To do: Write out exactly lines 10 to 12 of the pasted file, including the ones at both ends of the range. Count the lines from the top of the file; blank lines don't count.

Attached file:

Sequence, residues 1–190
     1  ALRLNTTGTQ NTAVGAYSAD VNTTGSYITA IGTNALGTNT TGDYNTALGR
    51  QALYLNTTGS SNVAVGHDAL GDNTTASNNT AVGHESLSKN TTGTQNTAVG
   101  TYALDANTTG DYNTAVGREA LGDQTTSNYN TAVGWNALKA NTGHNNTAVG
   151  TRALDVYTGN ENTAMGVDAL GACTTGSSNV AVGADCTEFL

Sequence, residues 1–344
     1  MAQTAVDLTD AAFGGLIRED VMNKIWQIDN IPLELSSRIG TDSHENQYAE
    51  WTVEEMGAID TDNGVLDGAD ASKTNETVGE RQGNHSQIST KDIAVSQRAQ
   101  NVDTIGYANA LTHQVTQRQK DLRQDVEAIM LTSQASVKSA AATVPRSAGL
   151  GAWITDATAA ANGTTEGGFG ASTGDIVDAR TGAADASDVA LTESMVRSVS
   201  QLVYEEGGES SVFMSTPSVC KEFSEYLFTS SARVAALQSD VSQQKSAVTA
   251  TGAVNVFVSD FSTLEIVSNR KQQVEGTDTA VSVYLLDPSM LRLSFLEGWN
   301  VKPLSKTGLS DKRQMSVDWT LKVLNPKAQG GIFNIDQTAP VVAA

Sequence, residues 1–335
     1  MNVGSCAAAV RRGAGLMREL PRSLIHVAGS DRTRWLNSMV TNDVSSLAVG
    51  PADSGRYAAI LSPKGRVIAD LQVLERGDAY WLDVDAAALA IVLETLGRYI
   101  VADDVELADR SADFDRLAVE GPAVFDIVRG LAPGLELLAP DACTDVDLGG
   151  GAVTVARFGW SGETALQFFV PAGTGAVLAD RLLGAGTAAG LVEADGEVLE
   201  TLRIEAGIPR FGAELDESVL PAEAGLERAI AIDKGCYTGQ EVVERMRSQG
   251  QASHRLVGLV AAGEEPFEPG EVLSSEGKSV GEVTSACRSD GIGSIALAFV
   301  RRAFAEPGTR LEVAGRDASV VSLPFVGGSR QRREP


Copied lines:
   151  GAWITDATAA ANGTTEGGFG ASTGDIVDAR TGAADASDVA LTESMVRSVS
   201  QLVYEEGGES SVFMSTPSVC KEFSEYLFTS SARVAALQSD VSQQKSAVTA
   251  TGAVNVFVSD FSTLEIVSNR KQQVEGTDTA VSVYLLDPSM LRLSFLEGWN